Energetic costs of parasitism in the Cape ground squirrel Xerus inauris

Michael Scantlebury, J.M. Waterman, M. Hillegass, J.R. Speakman, N.C. Bennett

Research output: Contribution to journalArticle

60 Citations (Scopus)

Abstract

Parasites have been suggested to influence many aspects of host behaviour. Some of these effects may be mediated via their impact on host energy budgets. This impact may include effects on both energy intake and absorption as well as components of expenditure, including resting metabolic rate (RMR) and activity (e.g. grooming). Despite their potential importance, the energy costs of parasitism have seldom been directly quantified in a field setting. Here we pharmacologically treated female Cape ground squirrels (Xerus inauris) with anti-parasite drugs and measured the change in body composition, the daily energy expenditure (DEE) using doubly labelled water, the RMR by respirometry and the proportions of time spent looking for food, feeding, moving and grooming. Post-treatment animals gained an average 19 g of fat or approximately 25 kJ d(-1). DEE averaged 382 kJ d-1 prior to and 375 kJ d-1 post treatment (p> 0.05). RMR averaged 174 kJ d-1 prior to and 217 kJ d-1 post treatment (p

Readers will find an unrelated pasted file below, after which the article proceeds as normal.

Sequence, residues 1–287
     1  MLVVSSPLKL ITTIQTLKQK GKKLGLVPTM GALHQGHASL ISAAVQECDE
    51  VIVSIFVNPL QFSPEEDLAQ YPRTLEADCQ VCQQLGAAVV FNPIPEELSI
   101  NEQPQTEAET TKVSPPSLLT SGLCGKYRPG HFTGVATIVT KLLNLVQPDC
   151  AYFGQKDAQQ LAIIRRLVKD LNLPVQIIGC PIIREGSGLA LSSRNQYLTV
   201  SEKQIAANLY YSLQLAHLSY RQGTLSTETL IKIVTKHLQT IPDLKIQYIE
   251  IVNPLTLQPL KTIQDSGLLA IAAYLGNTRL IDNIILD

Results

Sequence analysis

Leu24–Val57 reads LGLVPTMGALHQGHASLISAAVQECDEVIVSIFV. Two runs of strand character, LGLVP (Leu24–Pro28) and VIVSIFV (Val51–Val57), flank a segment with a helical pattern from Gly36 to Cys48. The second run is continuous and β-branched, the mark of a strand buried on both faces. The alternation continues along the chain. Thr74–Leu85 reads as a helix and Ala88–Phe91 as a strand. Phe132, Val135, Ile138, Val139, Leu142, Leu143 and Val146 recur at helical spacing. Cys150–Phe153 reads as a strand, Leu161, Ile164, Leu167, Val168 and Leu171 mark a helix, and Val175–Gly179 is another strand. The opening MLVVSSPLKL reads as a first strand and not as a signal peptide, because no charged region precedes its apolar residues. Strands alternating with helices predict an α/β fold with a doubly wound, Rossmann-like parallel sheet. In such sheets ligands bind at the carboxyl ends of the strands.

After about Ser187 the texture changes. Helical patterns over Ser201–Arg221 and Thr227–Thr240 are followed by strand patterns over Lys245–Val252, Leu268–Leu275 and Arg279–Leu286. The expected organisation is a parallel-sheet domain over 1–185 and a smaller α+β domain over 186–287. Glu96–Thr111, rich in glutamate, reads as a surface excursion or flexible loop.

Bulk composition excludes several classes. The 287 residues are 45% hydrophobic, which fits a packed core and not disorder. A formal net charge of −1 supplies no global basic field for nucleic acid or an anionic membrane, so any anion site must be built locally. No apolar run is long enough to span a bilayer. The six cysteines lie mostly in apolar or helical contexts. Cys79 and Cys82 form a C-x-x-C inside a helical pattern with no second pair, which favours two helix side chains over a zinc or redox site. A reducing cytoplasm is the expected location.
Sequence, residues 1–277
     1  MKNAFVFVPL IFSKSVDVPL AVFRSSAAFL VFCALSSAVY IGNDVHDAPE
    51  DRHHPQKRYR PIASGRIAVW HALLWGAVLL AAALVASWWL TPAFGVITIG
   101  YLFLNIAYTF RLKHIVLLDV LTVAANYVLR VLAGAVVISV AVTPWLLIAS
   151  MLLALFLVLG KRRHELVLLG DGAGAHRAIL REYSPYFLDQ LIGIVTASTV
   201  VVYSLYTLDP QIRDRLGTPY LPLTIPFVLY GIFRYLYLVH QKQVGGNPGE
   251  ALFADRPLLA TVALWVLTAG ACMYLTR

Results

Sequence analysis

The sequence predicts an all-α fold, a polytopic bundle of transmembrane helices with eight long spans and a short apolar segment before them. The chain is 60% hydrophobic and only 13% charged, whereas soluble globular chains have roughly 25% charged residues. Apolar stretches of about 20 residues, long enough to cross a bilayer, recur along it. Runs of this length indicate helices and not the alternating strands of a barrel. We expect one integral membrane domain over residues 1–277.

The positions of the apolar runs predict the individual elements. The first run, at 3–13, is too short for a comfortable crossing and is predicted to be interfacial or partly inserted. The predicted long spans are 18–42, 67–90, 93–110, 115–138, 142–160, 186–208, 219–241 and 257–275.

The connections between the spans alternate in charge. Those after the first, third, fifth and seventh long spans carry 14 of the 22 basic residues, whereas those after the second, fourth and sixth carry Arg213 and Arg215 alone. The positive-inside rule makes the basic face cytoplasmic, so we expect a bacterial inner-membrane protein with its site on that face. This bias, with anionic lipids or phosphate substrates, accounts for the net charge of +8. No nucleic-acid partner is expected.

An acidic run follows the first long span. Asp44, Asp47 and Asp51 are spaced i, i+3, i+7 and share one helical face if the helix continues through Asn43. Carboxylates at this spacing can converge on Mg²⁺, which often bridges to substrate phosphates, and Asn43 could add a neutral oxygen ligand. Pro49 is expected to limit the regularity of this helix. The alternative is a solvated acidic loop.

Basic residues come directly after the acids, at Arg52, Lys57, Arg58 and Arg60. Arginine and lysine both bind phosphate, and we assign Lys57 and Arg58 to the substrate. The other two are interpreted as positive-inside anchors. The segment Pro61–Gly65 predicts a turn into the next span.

Original languageEnglish
Pages (from-to)2169-2177
Number of pages9
JournalPROCEEDINGS OF THE ROYAL SOCIETY B-BIOLOGICAL SCIENCES
Volume274(1622)
Issue number1622
DOIs
Publication statusPublished - 07 Sep 2007

ASJC Scopus subject areas

  • Agricultural and Biological Sciences(all)
  • Agricultural and Biological Sciences (miscellaneous)

Fingerprint Dive into the research topics of 'Energetic costs of parasitism in the Cape ground squirrel Xerus inauris'. Together they form a unique fingerprint.

  • Cite this